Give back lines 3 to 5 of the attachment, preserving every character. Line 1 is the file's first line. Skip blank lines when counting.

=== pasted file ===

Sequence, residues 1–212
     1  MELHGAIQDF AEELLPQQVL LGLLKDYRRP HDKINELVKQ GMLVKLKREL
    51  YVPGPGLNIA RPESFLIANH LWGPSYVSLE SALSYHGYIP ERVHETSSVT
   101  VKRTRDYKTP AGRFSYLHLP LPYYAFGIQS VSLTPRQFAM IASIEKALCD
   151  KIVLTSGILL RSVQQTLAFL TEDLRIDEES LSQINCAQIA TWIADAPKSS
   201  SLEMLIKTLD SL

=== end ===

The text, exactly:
    51  YVPGPGLNIA RPESFLIANH LWGPSYVSLE SALSYHGYIP ERVHETSSVT
   101  VKRTRDYKTP AGRFSYLHLP LPYYAFGIQS VSLTPRQFAM IASIEKALCD
   151  KIVLTSGILL RSVQQTLAFL TEDLRIDEES LSQINCAQIA TWIADAPKSS